What smells like ass? Asks my teenager son, as he walked into the kitchen.
Um, that would be dinner.
It had been weeks since I had prepared a “proper” dinner for my family.
After watching a few episodes of Cooked on Netflix, I felt nostalgic about cooking and preparing a wholesome meal for my family. The show documents various cultures around the world about food preparation and how, in our busier-and-busier lives, many of us have lost touch with taking the time and the steps to prepare a meal. Made with good ingredients and made with love. The narrator and author, Michael Pollan, says that we all have good memories of being “cooked for” and how that makes us feel cared for and loved.
When I have the time and make the time, I do enjoy cooking for my family. It’s just that they don’t always like what I cook.
That night, I baked potatoes. I broiled some cod with fresh parmesan. I roasted broccoli drizzled with olive oil. (Fish + parmesan + broccoli = stink.)
My intentions were to invite and welcome my family to the table. Yet, the smells turned people away. Except for Otis.
Who doesn’t love Chinese food? I am definitely a fan of potstickers. With their golden brown outsides and stinky little cabbagy, juicy insides. Yum!
Yet, I am not a fan of eating pork and usually, Chinese restaurants only have that kind. But there’s one potsticker brand that I love love love. And they’ve got chicken in them. And no MSG (except for the optional soy sauce) and no trans fat.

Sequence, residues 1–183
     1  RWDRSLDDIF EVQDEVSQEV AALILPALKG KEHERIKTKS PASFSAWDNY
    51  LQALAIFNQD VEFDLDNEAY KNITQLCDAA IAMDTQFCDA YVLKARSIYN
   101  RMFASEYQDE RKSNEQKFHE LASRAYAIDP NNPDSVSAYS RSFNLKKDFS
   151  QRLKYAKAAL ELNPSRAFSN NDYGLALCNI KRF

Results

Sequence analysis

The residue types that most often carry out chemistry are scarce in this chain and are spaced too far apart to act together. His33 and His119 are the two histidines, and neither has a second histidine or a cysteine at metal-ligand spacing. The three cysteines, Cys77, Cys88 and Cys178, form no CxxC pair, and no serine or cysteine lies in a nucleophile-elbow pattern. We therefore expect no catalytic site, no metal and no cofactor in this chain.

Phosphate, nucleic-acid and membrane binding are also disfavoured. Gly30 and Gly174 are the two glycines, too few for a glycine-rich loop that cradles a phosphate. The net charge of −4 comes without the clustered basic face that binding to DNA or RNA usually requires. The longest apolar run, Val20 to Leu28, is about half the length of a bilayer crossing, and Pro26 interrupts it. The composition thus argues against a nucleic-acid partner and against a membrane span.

I could well be Ling Ling’s next brand ambassador. Ya never know. You may be seeing a banner ad very soon on my website. Just sayin’.
Buy a bag at Costco. Throw it into your freezer. And then, at 7:00 p.m. (yeah, we eat late), when you’re like “what the hell are we having for dinner tonight?” Just grill up a pan full of these beauties in some olive oil. And ya’d think you’re in Chinatown.
We all know about the “witching hour.” The term we use to refer to the time in the evening when Moms turn into witches and kids turn into beasts. One word: mayhem. But witching hour is a bit of a misnomer around here. I now call this the “bitching hour” because this is what roughly happens around our house at twilight:
Shuttling to-and-from activities.
But I ran across a Tweet today with an even better descriptor, that literally cracked me up. I conclude with a Tweet from @herbadmother:
“I don’t know why they call it a ‘witching hour.’ It would be more accurate to call it ‘hours of batshit honey badger batshittery.”
But that is kind of mouthful, so let’s go with “batshittery hour,” shall we?
I admit, I am not the greatest of cooks. But I make a mean grilled cheese sandwich. This is a staple at our house at dinnertime. They are quick and easy to make and sooo yummy. Throw some turkey slices on them and–pow–you’ve got a protein-packed, golden brown sandwich. If all goes well. However…
I also admit that I am also a fan of Facebook and Twitter. But these addictions don’t go so well with cooking grilled cheese sandwiches. I get caught up in commenting on other peoples’ posts, posting pictures of my beautiful sandwiches, and yapping on about what a great cook I am. Then what happens? Burnt grilled cheese.